Additional Home Furnishings Resources

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How to Solve Your Digital Advertising Problems

How to Solve Your Digital Advertising Problems

[vc_row css_animation=”” row_type=”row” use_row_as_full_screen_section=”no” type=”full_width” angled_section=”no” text_align=”left” background_image_as_pattern=”without_pattern”][vc_column][vc_column_text]You can’t prove what you can’t measure. Many retailers lack an integrated system to track, analyze and engage online shoppers on a meaningful level — let alone attach real revenue dollars to digital advertising.

 

“One of the challenges the furniture industry faces is tracking online marketing to in-store sales,” says Barb Davids, Digital Marketing Manager at Walker Furniture in Las Vegas and owner of a digital marketing agency.

 

You can’t make solid marketing decisions without enough data to fully analyze your online traffic, lead conversions, and digital advertising performance. You can’t collect enough data and gain that transparency without a way to engage with online shoppers and collect their information across multiple channels.

 

“Right now, business owners try to make digital advertising decisions and get frustrated,” says Scott Hill, PERQ Executive Chairman and Co-Founder. “They spend tens of thousands of dollars in digital advertising a month, and they can’t tell from the store if anything’s different, or who came in as a result of the digital advertising or how it’s performing.”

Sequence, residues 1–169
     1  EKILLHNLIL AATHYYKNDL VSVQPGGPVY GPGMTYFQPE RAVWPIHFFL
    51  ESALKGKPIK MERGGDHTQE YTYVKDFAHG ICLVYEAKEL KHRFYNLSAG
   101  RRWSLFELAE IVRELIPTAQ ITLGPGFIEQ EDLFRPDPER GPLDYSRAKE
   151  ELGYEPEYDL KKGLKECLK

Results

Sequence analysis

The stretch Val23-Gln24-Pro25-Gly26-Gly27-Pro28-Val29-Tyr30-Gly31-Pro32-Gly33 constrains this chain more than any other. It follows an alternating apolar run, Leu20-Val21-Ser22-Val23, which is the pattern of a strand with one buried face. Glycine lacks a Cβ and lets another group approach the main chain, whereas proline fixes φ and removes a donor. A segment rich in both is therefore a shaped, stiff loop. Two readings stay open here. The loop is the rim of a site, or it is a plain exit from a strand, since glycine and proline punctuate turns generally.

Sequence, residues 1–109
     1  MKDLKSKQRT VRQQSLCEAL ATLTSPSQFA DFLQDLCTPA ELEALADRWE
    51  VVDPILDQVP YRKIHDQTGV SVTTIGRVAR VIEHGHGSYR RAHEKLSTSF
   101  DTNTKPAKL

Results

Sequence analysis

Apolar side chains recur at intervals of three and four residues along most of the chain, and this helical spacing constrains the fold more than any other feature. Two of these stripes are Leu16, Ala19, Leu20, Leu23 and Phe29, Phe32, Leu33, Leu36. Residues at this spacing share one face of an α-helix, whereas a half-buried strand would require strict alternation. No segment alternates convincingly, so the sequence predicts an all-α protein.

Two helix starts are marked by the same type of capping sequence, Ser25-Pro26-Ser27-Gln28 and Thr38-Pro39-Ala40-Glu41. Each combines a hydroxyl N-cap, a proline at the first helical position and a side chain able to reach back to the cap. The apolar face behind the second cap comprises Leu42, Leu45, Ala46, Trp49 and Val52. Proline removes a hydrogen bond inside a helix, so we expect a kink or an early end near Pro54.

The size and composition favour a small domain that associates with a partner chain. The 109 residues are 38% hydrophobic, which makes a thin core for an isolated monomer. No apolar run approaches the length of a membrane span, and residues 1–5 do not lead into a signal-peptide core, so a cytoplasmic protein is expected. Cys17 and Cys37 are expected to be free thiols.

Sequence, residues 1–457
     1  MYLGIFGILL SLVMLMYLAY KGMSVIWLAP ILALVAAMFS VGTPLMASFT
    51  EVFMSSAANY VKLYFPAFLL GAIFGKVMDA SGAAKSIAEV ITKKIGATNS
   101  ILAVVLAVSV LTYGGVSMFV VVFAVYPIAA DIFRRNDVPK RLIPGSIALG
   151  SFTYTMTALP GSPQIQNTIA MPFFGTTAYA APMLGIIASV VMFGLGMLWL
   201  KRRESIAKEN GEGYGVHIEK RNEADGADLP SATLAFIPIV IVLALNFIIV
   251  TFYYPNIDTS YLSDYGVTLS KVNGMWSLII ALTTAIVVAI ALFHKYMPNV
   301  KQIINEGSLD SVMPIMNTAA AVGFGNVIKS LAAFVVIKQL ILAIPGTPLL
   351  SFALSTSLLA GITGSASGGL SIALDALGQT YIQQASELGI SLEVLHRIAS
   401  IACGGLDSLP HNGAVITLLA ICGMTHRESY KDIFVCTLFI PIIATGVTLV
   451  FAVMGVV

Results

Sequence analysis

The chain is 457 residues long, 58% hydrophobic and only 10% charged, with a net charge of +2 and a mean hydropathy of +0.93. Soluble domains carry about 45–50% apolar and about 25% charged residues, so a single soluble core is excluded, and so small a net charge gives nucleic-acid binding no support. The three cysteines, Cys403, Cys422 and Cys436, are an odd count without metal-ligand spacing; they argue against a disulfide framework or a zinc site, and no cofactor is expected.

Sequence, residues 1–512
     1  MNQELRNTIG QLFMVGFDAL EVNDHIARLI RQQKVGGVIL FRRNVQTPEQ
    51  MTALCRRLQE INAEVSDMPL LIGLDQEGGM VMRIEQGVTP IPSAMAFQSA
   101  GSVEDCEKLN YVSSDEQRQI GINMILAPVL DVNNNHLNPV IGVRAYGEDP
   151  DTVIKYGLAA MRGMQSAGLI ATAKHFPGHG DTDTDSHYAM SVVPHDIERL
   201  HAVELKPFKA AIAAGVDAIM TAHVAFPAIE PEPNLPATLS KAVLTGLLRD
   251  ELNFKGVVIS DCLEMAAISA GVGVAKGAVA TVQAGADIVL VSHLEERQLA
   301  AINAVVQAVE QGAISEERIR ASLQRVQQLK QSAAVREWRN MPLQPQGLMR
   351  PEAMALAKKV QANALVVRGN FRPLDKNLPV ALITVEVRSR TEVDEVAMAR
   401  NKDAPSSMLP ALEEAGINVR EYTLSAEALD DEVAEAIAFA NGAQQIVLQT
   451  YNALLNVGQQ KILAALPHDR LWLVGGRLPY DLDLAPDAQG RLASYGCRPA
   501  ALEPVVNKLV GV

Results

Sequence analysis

Top 5 Digital Advertising Problems

 

Solve these 5 common digital advertising problems and you’ll gain actionable insights into where your digital advertising dollars make the most impact.

 

1. Low Website Conversion

 

Digital advertising efforts may increase website traffic, but that doesn’t mean your store suddenly converts more online visitors. If your home furnishings website acts simply as a static brochure with nothing noteworthy to offer consumers, you’re likely missing out on a chance to engage with customers and encourage an in-store visit.

 

Personalize their online experience, give helpful guidance, and entice them with relevant incentives. Walker Furniture’s website guides online shoppers with integrated software that turns anonymous website traffic into detailed consumer profiles, delivering Walker Furniture with valuable information like why a consumer is in the market for a mattress, how they plan to use their new sofa or what they like to do in their spare time.